A California agricultural firm based on the U.S./Mexican border is accused of discriminating against workers on the basis of disability and genetic information – in stark contrast to the protections outlined by Title IV of the Civil Rights Act.
Our Costa Mesa disability discrimination attorneys understand that the company had a routine practice of requiring job applicants to undergo physical exams and questions about their medical conditions. Job hopefuls were also required to disclose what should have been confidential information about their family’s medical history (this is sometimes referred to as genetic information). Such inquiries were a condition of employment, and they are illegal under state law.
In at least one instance identified by the U.S. Equal Employment Opportunity Commission, an applicant was rejected as a result of these against-the-law inquiries. In that case, the worker had been in a temporary post for a number of months when he applied for a permanent position as a dispatcher in El Centro. The applicant was told he would be placed into the applicant pool following a drug test and physical examination.
In the meantime, the worker was allowed to start in the dispatcher position, albeit in a temporary capacity, pending those results.
During the medical exam, there were a number of disability-related questions that were asked, and a fair amount of family medical history was solicited by the examiner. This resulted in the examiner reluctantly disclosing that he had for a time been hospitalized due to an issue with his heart. This same condition was something that a number of his family members had been previously treated for as well.
In addition to violating provisions of the Americans with Disability Act, such actions also are against the Genetic Information Nondiscrimination Act of 2008. This measure bars discrimination on the basis of genetic information, with respect to both employment and health insurance.
As far as employers go, companies are prohibited to refuse to hire, fail to hire, fire or otherwise discriminate in any way against a worker based on genetic information. Further, such information is protected as confidential under the act. The law states it is illegal for employers to request, require or purchase such information with respect to an employee or employee’s family member. There are a few very limited exceptions to this law, according to the EEOC.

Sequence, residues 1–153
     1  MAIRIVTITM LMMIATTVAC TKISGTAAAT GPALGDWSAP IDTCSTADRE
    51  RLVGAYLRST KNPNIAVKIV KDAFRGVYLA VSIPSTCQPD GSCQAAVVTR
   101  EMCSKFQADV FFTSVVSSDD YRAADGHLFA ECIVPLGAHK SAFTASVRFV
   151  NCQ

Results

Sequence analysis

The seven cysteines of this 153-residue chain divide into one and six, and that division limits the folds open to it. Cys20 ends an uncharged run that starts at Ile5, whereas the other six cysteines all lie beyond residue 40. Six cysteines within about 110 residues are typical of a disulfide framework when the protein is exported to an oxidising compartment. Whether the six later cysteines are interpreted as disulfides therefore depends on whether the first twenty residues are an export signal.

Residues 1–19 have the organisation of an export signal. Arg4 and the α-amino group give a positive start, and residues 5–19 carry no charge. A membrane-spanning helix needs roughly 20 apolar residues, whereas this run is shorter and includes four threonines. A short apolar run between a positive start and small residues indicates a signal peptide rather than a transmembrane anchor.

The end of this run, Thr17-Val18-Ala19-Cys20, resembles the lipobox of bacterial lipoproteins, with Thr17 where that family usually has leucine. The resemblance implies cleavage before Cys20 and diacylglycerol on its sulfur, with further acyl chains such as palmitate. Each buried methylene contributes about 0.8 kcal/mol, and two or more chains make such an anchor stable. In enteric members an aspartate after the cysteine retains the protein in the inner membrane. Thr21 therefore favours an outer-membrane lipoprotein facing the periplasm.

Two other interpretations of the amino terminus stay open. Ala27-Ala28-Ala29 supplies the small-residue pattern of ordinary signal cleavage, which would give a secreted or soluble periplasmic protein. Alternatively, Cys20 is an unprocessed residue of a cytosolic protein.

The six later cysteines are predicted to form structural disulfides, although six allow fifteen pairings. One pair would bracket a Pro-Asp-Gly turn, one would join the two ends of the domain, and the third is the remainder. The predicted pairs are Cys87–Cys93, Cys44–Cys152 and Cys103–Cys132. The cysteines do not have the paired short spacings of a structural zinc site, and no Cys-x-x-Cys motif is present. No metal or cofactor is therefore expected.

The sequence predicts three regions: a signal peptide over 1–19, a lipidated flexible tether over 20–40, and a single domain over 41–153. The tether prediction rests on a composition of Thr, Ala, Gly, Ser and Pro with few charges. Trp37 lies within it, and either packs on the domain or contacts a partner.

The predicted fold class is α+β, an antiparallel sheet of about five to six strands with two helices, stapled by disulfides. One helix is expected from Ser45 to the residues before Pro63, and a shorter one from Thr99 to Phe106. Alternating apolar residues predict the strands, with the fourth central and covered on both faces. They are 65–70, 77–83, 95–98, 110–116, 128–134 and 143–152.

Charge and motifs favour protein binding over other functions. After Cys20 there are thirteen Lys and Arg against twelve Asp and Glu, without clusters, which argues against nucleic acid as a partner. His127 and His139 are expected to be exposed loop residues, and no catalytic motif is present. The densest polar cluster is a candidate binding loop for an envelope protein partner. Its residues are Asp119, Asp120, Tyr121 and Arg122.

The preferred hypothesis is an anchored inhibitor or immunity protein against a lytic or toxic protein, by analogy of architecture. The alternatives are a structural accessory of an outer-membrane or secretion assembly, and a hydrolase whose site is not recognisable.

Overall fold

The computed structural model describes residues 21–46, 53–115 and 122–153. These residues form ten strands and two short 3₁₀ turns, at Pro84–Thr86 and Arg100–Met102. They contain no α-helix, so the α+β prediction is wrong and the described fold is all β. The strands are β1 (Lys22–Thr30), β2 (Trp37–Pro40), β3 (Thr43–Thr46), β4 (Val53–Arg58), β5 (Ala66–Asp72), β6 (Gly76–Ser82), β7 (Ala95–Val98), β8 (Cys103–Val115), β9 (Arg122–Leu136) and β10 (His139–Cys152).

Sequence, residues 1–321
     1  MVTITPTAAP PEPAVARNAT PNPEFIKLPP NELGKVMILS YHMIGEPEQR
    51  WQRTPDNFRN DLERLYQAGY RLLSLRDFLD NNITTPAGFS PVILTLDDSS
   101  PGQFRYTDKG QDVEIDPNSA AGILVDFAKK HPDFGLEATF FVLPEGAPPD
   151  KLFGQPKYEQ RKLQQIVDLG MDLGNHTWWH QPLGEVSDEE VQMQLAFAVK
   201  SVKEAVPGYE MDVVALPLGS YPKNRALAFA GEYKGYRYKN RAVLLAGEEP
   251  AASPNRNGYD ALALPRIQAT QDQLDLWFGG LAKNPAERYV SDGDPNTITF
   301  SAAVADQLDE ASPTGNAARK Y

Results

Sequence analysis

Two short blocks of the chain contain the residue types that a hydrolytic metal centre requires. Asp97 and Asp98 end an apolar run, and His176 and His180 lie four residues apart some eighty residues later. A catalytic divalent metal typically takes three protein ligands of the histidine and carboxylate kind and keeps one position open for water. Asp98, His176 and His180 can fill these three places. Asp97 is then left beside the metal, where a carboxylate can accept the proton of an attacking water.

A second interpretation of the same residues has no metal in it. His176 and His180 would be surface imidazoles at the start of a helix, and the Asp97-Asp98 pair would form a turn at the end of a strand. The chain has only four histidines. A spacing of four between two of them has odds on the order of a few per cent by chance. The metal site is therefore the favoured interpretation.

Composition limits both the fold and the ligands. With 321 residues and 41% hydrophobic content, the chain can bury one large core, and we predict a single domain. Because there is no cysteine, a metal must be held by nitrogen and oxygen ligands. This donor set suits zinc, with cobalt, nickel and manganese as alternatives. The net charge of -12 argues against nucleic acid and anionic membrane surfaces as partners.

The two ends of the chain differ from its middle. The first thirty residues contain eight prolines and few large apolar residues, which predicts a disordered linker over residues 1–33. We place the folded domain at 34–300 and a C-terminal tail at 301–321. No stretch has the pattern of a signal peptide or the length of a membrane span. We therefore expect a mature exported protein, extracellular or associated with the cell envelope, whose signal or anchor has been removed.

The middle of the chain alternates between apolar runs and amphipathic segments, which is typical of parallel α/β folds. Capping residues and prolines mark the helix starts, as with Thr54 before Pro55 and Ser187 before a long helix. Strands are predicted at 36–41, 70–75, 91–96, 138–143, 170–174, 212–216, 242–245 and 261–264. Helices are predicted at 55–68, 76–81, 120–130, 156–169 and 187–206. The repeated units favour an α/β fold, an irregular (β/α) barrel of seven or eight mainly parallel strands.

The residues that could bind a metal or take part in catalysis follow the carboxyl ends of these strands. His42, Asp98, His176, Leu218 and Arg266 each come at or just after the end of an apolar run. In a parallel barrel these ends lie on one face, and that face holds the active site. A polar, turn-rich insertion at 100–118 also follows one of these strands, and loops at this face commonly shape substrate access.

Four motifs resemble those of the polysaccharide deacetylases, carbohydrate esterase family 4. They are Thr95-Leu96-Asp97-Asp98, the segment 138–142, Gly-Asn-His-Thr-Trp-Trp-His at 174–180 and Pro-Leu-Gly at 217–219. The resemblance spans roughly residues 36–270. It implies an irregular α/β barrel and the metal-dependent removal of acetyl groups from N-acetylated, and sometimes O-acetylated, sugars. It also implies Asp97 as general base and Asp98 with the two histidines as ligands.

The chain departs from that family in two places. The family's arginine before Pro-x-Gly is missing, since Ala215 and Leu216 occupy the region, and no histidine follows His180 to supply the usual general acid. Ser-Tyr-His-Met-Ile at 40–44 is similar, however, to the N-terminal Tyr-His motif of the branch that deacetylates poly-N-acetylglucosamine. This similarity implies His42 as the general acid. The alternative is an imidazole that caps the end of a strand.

What’s more, employers and/or members of labor organizations can’t disclose genetic information concerning an employee or family member, unless under very specific circumstances.
In addition to this federal law, state law too protects against genetic discrimination. The law, the California Genetic Information Nondiscrimination Act was signed by the governor in 2011 and took effect Jan. 1, 2012. In addition to protecting workers from genetic discrimination, the law also extends that protection to the arenas of housing, mortgage lending, education and public accommodations.
In general, companies are advised by the government that unless there is some business necessity for such information, companies need to avoid asking any health or medical history-related questions.
Those companies that violate these laws may be liable for monetary damages such as back pay, future lost earnings, emotional distress damages, punitive damages and attorneys’ fees and costs.
Costa Mesa employment lawsuits can be filed with the help of the Nassiri Law Group, practicing in Orange County, Riverside and Los Angeles. Call 714-937-2020.
EEOC Sues Abatti Group for Disability, Genetic Information Discrimination, Sept. 30, 2013, U.S. Equal Employment Opportunity Lawyer Blog
More Blog Entries:
Costa Mesa Employment Lawyers: Firms Must Properly Classify Workers, Sept. 14, 2013, Costa Mesa Disability Discrimination Lawyer Blog